However, opportunity costs can occur not only when decisions are made, but also when they are not made or delayed. If delaying a decision results in weakening the outcome of the alternative action, then opportunity costs can create time pressure that can affect the achievement of goals. When such pressure is present, it often leads to a decrease in accuracy and decision-making strategies must be adjusted accordingly. To achieve set goals, the decision-making process should be broad rather than deep. Instead of fully weighing the individual options against each other, the entire spectrum of alternative courses of action should be taken into account and the decision made on the basis of relevant attributes. Although the time pressure of opportunity costs is common in practice, it is difficult to estimate it realistically, so users often face complex decision problems.³ Shaw (1992) also points out in his work that the consideration of the individual’s available time in particular is far more complex than is often assumed. He emphasizes that there is a difference between the value of time and the opportunity costs; otherwise, people’s time would be virtually worthless without a labor wage. The mathematical elaboration is beyond the scope of this blog at this point, but the underlying insight is still relevant in the context of this post. If individuals want to consider opportunity costs as part of their decision making, one’s time cannot be equated with one’s labor wages. Traditional models of economics would need to be adjusted accordingly to account for the complex relationship between the value of time and the opportunity costs of time.⁴
Perhaps the strongest argument for considering opportunity costs is that decisions that disregard them are often irrational. Our everyday actions are usually based on a trade-off, which can be represented by the opportunity cost: A decision in favor of something is equally a decision against something else. Individuals who weigh the different alternatives are predisposed to make better decisions. Although an exact quantification of opportunity costs would often be costly, even a rough estimate can make the decision-making process more effective and efficient. As described above, constantly comparing the different alternatives can create a short-term dissatisfaction that many might see as something negative. In particular, individuals who have long-term goals and are aware that this dissatisfaction may be a necessary evil to achieve ambitious goals and succeed should not be deterred by it. Even if, contrary to expectations, the achievement of goals is not positively influenced by this, it can still be assumed that the individuals concerned will at least appreciate their available, scarce resources more and use them more consciously. From this perspective, it would seem to make perfect sense to educate the population about the effect of opportunity costs in the decision-making process and to assign them more weight. Weighing up different alternatives on the basis of the costs accepted makes it possible to make rational decisions and act with foresight.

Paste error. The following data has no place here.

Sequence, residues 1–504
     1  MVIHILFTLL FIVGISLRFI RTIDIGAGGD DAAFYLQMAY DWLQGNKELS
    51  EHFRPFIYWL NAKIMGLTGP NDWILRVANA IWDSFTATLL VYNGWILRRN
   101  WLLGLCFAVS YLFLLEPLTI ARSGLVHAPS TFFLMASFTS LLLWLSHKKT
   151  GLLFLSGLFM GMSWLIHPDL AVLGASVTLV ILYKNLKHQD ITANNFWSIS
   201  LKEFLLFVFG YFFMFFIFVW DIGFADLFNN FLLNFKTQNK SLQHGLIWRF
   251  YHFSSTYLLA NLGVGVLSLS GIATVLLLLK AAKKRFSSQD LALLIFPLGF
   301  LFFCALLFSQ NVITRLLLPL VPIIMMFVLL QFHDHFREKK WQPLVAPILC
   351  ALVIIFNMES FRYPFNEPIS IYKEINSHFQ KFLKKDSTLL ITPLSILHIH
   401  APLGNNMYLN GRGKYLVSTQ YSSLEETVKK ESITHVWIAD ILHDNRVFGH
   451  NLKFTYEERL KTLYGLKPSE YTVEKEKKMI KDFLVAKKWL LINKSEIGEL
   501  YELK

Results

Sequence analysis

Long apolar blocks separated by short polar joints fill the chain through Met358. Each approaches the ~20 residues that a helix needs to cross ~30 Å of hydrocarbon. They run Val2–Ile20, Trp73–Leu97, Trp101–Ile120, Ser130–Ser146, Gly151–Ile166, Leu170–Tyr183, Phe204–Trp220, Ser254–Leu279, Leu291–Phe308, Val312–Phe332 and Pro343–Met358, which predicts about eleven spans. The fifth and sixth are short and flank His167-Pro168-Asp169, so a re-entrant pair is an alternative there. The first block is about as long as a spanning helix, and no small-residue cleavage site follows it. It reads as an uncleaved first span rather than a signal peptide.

Even though human behavior is exceedingly complex, it can be assumed that individuals strive to improve their own situation and therefore try to make the best possible decisions. However, this assumption does not seem to be supported in reality. Time and again, individuals make irrational decisions and undermine their own success. One explanation for this is the lack of consideration of the opportunity costs associated with a decision. The fact that a decision for something is at the same time a decision against something else means that the different alternatives have to be weighed against each other. The fact that an action creates value for the acting person is not sufficient by itself to justify taking that action, when opportunity costs are taken into account. Instead, its value must be higher than the value the person assigns to the available alternatives. Only in this case can resource allocation be effective and efficient. Thus, it can be argued that it is beneficial in the long run to place greater emphasis on opportunity costs as part of the decision-making process.
¹ Fernando, Jason (Reviewed by Amy Drury, Fact checked by Pete Rathburn). 2021. “Opportunity Cost”. Investopedia. Accessed September 27, 2021.
² Spiller, S. A. (2011). Opportunity cost consideration. Journal of Consumer Research, 38(4), 595-610.
³ Payne, J. W., Bettman, J. R., & Luce, M. F. (1996). When time is money: Decision behavior under opportunity-cost time pressure. Organizational behavior and human decision processes, 66(2), 131-152.
⁴ Shaw, W. D. (1992). Searching for the Opportunity Cost of an Individual’s Time. Land Economics, 107-115.